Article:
We raise our children with special needs in a world where we advocate for inclusion daily. We work for school environments to support inclusion, we attend churches, play groups, birthday parties, and other social engagements where our child with special needs has typically developing peers. We strive to make sure their lives are as similar as their peers as possible. But should we also make sure our children with special needs have relationships with peers with special needs?
As the mother of a child with Down syndrome it’s important to me that my son grows up in an inclusive environment where he can learn from and teach his typically developing peers, however, it is also important to me that he develops friendships with people who share his diagosis.
Just as I need friends who walk this journey to support me because they understand things others moms don’t, my son will need support some day from those who understand even that which I can’t. I can tell you what it’s like to raise a child with Down syndrome, but I cannot know what it’s truly like to have Down syndrome.
Jenn Scott, whose son has Down syndrome, agrees. “It’s important for Sean so he knows he’s not alone in his challenges and much like our relationships as moms, he’s got people who just get it without him having to make them understand.”
But not everyone shares this view. Beth Goodman does not think that her son Joseph, who has Down syndrome, necessarily needs to have friends with Down syndrome.”He’s not going to spend the majority of his life with other individuals who have it, so it’s not necessarily a reliable way to find friends for him,” she says. “However, I, as his mother, need friends whose kids have Down syndrome. I need a sounding board of people who get it without me having to explain it.”
The Best of Both Worlds
Carol Cranford, program specialist for the Family Support Network of Southern Piedmont, says that children with special needs are just like everybody else when it comes to choosing friends. “Most of us connect best and feel most comfortable with people who have the similar interest as we do. We become friends with people we like and who like us back. I think it’s the same with children with special needs. It’s important for kids with special needs to have opportunities to make friends with kids special needs and kids who are typically developing.”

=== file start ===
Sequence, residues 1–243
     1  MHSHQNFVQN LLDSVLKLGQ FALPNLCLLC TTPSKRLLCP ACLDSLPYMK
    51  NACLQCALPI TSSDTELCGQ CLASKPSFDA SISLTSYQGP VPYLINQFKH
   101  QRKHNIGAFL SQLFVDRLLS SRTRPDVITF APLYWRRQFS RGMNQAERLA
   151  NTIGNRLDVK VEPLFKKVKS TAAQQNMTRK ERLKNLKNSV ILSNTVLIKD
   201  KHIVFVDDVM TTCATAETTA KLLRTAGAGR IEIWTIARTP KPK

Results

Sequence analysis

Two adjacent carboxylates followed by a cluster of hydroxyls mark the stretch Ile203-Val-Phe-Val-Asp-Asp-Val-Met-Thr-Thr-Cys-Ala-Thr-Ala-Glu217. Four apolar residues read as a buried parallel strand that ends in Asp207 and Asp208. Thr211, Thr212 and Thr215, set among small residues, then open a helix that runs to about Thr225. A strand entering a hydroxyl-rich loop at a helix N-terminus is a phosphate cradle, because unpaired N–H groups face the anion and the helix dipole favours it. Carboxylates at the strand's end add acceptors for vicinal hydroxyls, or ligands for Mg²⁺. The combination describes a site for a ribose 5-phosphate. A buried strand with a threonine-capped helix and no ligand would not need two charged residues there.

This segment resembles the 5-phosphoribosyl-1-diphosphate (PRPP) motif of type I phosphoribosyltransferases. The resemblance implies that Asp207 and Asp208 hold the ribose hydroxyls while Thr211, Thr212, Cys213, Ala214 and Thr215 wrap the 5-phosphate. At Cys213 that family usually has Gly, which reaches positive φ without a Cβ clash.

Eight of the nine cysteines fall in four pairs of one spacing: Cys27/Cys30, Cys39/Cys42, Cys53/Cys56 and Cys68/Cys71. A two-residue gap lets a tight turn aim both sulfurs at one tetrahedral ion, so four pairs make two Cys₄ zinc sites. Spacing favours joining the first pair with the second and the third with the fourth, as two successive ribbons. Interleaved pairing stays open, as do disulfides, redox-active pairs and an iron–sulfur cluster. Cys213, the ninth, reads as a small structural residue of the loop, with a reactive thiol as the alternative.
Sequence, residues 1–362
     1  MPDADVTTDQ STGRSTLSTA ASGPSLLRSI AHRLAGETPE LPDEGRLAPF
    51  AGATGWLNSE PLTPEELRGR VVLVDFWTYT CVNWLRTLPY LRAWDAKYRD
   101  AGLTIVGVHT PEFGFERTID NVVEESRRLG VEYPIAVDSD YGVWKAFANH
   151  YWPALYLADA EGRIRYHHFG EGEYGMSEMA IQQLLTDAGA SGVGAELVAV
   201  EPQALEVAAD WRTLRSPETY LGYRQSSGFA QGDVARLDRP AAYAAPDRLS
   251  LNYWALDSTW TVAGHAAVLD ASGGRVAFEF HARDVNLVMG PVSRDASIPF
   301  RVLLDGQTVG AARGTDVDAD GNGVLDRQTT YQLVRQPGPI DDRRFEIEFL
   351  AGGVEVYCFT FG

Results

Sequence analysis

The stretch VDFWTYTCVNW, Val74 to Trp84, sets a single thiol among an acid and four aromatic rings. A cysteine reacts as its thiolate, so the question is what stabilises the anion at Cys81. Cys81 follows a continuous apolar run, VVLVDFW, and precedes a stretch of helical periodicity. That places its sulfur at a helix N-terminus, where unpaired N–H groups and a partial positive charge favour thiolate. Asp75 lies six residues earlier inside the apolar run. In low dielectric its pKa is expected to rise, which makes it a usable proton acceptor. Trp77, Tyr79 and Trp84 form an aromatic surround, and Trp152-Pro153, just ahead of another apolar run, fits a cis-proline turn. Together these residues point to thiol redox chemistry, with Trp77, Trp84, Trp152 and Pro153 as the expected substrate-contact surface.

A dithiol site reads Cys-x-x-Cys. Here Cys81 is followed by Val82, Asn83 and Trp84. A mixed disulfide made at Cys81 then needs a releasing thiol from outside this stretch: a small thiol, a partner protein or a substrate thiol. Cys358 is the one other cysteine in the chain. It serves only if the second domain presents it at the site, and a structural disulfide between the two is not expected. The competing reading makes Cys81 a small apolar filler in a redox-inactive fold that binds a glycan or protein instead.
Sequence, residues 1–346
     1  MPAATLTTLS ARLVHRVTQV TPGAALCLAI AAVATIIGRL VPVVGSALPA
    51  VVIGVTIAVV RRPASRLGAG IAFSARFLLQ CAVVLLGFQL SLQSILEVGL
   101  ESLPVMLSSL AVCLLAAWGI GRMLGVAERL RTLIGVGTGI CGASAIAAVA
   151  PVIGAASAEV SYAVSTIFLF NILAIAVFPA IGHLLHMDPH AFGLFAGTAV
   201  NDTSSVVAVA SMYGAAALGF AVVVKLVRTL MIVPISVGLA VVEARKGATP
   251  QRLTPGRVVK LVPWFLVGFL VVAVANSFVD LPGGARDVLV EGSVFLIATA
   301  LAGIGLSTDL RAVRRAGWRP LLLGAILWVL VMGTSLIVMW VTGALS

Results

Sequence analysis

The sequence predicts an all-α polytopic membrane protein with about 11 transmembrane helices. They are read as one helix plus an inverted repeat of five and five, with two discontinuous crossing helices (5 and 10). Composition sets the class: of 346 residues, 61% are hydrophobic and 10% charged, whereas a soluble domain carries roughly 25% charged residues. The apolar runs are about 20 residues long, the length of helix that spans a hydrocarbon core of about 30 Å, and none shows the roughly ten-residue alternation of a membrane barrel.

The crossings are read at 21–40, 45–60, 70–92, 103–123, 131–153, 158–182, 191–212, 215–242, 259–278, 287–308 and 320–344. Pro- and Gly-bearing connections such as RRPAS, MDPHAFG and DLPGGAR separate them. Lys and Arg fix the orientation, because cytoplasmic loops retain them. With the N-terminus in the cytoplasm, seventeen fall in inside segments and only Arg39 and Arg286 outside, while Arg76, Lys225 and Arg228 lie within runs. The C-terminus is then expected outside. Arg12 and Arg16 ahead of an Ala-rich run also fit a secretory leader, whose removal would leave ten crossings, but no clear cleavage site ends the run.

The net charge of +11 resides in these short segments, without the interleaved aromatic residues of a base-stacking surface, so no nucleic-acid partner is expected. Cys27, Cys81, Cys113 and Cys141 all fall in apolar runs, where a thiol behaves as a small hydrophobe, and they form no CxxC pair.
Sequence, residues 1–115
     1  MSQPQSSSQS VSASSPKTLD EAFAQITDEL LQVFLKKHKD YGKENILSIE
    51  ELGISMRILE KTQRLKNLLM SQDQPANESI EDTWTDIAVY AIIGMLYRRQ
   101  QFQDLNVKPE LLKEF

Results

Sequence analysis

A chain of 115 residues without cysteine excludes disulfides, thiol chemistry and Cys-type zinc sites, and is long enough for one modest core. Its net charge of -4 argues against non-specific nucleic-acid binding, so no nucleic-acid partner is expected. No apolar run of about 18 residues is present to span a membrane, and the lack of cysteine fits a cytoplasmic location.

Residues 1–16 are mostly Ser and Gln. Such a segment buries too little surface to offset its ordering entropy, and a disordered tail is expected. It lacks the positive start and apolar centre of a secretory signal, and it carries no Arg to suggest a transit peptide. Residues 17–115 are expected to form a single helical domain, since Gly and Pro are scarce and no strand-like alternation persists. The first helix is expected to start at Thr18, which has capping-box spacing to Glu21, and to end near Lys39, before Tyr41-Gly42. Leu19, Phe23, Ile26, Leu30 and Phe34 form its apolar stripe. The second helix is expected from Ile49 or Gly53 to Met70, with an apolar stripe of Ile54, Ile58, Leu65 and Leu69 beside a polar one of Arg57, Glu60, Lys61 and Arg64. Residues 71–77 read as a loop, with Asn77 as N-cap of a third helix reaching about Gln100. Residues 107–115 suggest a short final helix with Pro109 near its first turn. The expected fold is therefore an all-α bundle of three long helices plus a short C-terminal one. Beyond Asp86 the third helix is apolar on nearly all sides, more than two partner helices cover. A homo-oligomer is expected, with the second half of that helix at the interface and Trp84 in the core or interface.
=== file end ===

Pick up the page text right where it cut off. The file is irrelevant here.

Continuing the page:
Maureen Rich Wallace has three children under the age of five, her oldest, Charlie, has Down syndrome. She values a balance of both worlds. “I absolutely want Charlie to have friends who are peers and friends who are neurotypical.” Wallace desires a diverse environment for all over her children including ethnicity, gender, culture, and more. “I think it’s important because as he gets older and understands that he has Down syndrome, I want him to have peers who can relate and support each other.”
Goodman does feel like it is helpful for her other son, Buddy, to have friends with Down syndrome. “It helps him to see that not all kids are like him, that some are like his brother, making it easier for him to accept the fact that when we have to do things differently for Joseph, there’s a reason, and there’s nothing wrong with that.”
Carol Cranford oversees workshops for siblings of children with special needs. “Siblings of kids with special needs often feel that they are alone. They feel neglected by their parents because their brother or sister requires so much attention. Siblings take on care-giving responsibilities for their brother or sister at an early age and are often more mature than their peers. They need an opportunity to share the ups and downs of having a brother or sister with special needs with peers who can relate.” She says that Sibshops gives siblings a chance to see that other families are just as wacky as their own and they can learn to see humor in their situation. “Connecting with other siblings of kids with special needs can be life changing, from embarrassment and anger to advocate and leader.”
Support in the Similarities
At the end of the day what we want for our children is to be valued and accepted. We want them to have friends and relationship that will support them. Different families will find this in different ways.
Jill Wagoner is the mother of a child with Down syndrome. She serves as an advocate, writer, speaker, fundraiser, and grant writer for organizations that support children with special needs. A former journalist and current marketer and public relations specialist, Jill has been published in many publications and blogs, including The Salisbury Post, Salisbury Life Magazine, Modern Parent, and Rowan Magazine.